I’m looking forward to filling in the blanks and letting you know more details as we work them out.
2012 has been a tough year for me. It’s the first time since 1991 that I haven’t held a job for an entire year. My self-confidence has been wavering most of the year. I’ve had to sell off a lot of my belongings to make ends meet. Fighting my battles with anxiety and depression this year has largely gone against me, though I’ve managed to crawl to the finish line and see the year end and another one begin.
It’s important to note that 2012 wasn’t all terrible. Turning 40 wasn’t as bad as I feared, though it got tougher after the first few months. After nearly giving up on writing for good, I found an opportunity to get back into the fold and had a decent year of output. I returned to Los Angeles and E3 for the second year in a row, and met up with people that I have great admiration of and respect for… people like Andy Eddy, Dan Ryckert and some members of the Game Informer editorial team, Marcus Beer, Kevin Dent, Dan Hevia, Jesse Divnich, Michael Pachter, members of Zen Studios, and many others. I got to review some good games this year and got to enjoy lots of pinball experiences. I returned to college for the first time in more than 20 years and wound up with a 4.0 GPA in my first semester back.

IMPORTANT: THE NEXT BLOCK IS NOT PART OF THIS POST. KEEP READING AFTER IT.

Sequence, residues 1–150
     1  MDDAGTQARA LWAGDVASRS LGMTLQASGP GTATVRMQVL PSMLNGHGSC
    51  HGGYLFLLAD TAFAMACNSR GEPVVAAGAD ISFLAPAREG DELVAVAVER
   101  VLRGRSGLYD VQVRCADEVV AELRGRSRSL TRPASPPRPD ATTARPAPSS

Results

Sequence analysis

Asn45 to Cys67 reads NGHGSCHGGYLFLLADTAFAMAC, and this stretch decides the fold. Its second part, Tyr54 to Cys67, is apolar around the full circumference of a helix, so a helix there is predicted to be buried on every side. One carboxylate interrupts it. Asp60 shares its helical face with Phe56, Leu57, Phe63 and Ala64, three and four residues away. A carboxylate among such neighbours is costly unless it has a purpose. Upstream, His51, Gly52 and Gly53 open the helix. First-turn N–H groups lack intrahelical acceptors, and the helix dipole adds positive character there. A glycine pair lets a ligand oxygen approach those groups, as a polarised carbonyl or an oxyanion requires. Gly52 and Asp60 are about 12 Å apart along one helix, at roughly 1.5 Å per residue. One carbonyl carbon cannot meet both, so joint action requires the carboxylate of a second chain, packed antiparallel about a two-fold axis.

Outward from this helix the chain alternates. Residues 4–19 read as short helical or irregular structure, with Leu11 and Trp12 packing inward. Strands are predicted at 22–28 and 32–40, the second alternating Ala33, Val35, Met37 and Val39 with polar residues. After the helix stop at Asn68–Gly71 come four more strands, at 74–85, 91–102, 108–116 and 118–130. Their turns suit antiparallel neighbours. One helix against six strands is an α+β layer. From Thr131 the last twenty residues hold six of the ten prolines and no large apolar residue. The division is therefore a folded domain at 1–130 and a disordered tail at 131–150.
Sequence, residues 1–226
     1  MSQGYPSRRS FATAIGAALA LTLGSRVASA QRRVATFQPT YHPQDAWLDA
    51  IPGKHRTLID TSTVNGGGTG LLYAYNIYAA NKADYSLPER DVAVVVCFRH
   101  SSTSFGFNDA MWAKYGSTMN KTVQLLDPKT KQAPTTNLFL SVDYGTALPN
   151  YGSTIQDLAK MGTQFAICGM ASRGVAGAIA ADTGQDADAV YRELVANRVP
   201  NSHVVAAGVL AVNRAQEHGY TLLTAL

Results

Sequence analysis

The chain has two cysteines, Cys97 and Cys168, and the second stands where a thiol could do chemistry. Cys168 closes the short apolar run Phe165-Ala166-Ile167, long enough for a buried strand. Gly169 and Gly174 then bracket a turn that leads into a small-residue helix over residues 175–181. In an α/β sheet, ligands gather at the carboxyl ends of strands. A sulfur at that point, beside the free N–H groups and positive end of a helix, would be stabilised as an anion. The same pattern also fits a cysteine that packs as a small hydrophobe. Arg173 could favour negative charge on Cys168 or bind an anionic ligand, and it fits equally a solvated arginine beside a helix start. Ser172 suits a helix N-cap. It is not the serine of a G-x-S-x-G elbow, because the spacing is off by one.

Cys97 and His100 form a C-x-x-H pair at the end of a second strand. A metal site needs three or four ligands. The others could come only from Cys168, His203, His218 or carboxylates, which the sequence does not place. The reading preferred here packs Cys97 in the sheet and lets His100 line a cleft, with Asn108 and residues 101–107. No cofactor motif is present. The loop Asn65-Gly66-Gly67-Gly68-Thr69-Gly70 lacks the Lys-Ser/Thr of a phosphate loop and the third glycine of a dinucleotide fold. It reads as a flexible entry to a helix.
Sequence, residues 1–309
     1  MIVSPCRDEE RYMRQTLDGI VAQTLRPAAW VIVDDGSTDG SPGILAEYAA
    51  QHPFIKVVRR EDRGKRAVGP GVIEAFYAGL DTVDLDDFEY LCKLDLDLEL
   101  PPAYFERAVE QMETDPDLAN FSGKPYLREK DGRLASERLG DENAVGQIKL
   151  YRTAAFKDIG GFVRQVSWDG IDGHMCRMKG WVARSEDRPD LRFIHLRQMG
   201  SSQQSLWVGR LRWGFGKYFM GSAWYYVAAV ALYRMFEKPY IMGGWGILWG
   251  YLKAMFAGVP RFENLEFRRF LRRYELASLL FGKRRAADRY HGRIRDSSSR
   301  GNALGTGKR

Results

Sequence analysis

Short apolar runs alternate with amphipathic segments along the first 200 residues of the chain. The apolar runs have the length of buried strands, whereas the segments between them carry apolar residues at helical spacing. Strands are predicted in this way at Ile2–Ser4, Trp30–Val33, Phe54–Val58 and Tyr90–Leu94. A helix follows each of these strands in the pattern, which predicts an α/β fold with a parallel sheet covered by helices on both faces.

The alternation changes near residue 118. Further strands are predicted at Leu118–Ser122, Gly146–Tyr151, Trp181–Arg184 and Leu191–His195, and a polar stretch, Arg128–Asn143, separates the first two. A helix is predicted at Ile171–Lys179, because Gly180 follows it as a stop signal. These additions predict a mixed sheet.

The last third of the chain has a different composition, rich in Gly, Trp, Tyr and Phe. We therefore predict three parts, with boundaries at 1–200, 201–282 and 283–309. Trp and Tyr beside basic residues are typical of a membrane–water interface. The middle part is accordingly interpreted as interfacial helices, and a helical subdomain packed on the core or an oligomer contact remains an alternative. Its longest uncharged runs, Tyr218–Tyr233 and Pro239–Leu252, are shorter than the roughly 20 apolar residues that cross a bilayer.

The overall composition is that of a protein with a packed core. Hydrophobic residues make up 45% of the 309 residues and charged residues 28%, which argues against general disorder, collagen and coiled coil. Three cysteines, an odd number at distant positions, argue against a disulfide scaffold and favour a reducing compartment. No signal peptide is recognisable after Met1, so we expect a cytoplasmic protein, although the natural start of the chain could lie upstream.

I think the most important thing, to me, is that I realized some things about myself.
When I was preparing for my 40th birthday, I found out about some videos from a personality known as Pat The NES Punk (Pat Contri). I was really big on the NES at the time, and watching Pat’s video series not only brought smiles to my face but they also began what’s become a personal transformation as 2012 went on. I found myself wanting to focus my time and attention less on today’s video game scene and more on what I found was a growing and close-knit retrogaming community. When a surprise gift of a Nintendo Entertainment System arrived just prior to my birthday, the dominoes began to fall. My mom’s gift to me was to help me build a small collection of NES games to start with, and I slowly built that collection over the remaining 7 months of the year. My retro collection had started to build a month prior with a Super Nintendo Entertainment System that I’d purchased thanks to a great deal from a relative, but the NES really sealed things… and I got a Genesis with birthday money soon after.